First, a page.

"Turns out the movie version was exactly like an episode of the TV show, only longer." -- Millions of unimpressed moviegoers after wasting thirty bucks on yet another failed TV-to-movie experiment.
And those moviegoers are usually unimpressed because projects like these exist as little more than franchise exploitation. Seriously, was the universe actually demanding a movie version of Inspector Gadget or The Beverly Hillbillies? Most definitely not. But in certain (generally rare) cases, a successful TV show makes the leap to the silver screen in exceedingly fine form. Star Trek certainly did it. So did South Park, The Addams Family, The Fugitive and Firefly. But lately all the worlds' media attention has been focused on one specific series, a comedic juggernaut that's been chugging merrily along for the last 18 years. It's more than a classic, more than an institution. Heck, I hate to think of television without it. Yep, Springfield fans, it's (finally) time for The Simpsons Movie.
What an amusing novelty it is to see America's favorite yellow family up on the big screen -- doubly so because the magic of the series has translated quite excellently into cinematic form. Aside from a few editing gaffes (the DVD version will probably run 110 minutes!), The Simpsons Movie is quite a GOOD movie: a colorful little treat that's sly enough for the grown-ups, silly enough for the kids and funnier that just about anything found in the multiplexes these days. It's as if someone pulled a forgotten episode out of a vault marked "Simpsons Seasons 4 - 9," stretched the thing out into a tight 85-minute package, and gussied up some of the animation and special effects. So yes, The Simpsons Movie is exactly like a feature-length episode of the Sunday night staple. And in this case, that's a really big compliment.
Even the most casual Simpsons fan will appreciate the flick's bizarre opening: We jump from Lisa meeting a new beau to Grandpa having a seizure in church to Homer getting chummy with a dumb little pig ... and then the actual "plot" takes form: Seems that the mega-slobby Springfieldians have polluted their environment so badly that a maniacal E.P.A. agent hatches a plan to cover the whole town with a giant glass dome. (And if you think this is a wacky idea for a plot, then you need to watch more Simpsons episodes before seeing their movie.) Several of the movie's themes are plucked directly from the series: Marge's growing disillusionment with her clod of a husband, Bart's search for a life less bizarre, Homer's repeated foul-ups and eventual redemption, Lisa's unflagging idealism... It's all so comfortably familiar ... only blown into big movie size!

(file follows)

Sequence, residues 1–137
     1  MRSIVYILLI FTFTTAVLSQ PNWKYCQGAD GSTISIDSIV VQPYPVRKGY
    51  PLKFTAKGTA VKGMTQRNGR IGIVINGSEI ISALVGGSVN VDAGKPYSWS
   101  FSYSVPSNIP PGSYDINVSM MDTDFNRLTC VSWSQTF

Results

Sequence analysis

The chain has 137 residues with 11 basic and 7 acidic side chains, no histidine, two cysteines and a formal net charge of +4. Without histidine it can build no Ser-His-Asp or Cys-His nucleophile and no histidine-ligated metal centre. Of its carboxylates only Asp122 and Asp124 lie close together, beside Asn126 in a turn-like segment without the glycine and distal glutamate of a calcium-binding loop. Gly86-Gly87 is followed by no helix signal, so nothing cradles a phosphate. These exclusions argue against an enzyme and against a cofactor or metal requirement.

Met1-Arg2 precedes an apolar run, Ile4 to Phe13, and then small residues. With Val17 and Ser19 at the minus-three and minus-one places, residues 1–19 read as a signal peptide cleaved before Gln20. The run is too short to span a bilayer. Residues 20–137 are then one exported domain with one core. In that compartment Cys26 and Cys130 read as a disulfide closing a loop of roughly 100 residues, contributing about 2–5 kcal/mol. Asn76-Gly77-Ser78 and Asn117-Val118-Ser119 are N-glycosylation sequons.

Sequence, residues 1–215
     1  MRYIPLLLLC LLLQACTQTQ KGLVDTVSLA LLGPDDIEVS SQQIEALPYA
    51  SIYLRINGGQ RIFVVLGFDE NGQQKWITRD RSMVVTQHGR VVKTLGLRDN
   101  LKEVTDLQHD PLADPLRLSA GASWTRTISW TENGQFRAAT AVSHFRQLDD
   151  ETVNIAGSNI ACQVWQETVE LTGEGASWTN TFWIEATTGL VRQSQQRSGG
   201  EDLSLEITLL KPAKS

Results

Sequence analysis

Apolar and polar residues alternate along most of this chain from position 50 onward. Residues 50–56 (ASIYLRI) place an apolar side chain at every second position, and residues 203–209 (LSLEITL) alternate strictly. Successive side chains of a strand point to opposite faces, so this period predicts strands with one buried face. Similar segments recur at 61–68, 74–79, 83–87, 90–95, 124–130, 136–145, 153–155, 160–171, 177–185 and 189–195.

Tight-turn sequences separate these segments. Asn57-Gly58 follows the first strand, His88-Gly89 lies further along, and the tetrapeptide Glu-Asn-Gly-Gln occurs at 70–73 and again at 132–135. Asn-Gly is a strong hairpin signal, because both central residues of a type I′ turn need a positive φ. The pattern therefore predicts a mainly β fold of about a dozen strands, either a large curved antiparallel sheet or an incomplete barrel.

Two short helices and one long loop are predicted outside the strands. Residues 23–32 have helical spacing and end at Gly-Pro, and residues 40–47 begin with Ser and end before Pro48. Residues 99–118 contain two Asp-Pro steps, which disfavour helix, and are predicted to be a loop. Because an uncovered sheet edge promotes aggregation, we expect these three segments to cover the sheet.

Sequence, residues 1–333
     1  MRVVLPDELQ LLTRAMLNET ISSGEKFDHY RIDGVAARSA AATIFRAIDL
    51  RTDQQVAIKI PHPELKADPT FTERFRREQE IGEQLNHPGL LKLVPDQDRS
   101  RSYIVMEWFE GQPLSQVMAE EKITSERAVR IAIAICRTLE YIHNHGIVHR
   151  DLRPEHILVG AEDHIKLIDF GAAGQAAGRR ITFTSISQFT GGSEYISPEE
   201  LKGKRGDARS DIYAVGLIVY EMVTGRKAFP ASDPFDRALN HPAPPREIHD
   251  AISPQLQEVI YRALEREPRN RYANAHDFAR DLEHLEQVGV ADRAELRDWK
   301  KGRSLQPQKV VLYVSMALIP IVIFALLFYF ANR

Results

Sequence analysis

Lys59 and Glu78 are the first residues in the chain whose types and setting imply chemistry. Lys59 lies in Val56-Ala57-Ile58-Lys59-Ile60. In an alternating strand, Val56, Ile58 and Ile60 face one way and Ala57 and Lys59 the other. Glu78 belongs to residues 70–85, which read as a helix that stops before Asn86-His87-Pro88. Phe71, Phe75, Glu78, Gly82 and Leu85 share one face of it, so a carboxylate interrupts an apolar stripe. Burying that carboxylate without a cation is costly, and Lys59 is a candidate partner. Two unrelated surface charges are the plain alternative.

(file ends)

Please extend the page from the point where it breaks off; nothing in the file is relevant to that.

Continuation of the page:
And funny. I've always said that even a weak Simpsons episode is funnier than just about anything on TV, but if you chopped The Simpsons Movie up into three separate episodes, you'd have two classics and one half-decent chuckler. (A subplot involving the Simpsons' brief relocation to Alaska doesn't yield many yuks, but the flick moves so quick there's no time to worry.) And when this movie starts going at full steam, I can't imagine the Simpsons freak who won't be laughing like a loon. (Homer delivers an aggravated non sequitur about "Access Hollywood" that had me giggling for about four minutes.) As always, the priceless Dan Castellaneta creates a character so stupidly lovable, you'd follow him anywhere. (No lie: 90 minutes of Homer and his pet pig would have been enough to make me happy.) Of course the entire Simpsons voice cast has been included in the debut movie and needless to say there's not a false note in the bunch. (Special mention to the hilarious Albert Brooks as insane E.P.A. agent Russ Cargill.)
Early in the movie Homer mocks the entire process by wondering why a person would pay for something they normally get for free. It's a funny gag, but he's asking an easy question. The answer is (obviously) that The Simpsons are worth the price of admission -- and they have been for almost two decades. The creators could have easily chomped off more than they could chew for this movie, but instead of trying to make the "be-all end-all ultimate mega-Simpsons episode," they went with their proven formula and delivered one of the year's funniest movies. Like millions of you, I would have liked a little more from Apu, Skinner, Wiggum, Milhouse, Barney, Otto, Moe, Willy, Ralph, Nelson, Burns, Lovejoy, etc. -- but it's called "The Simpsons Movie," after all. And there will be plenty of time for the rest of the Springfield citizenry once sequel time rolls around.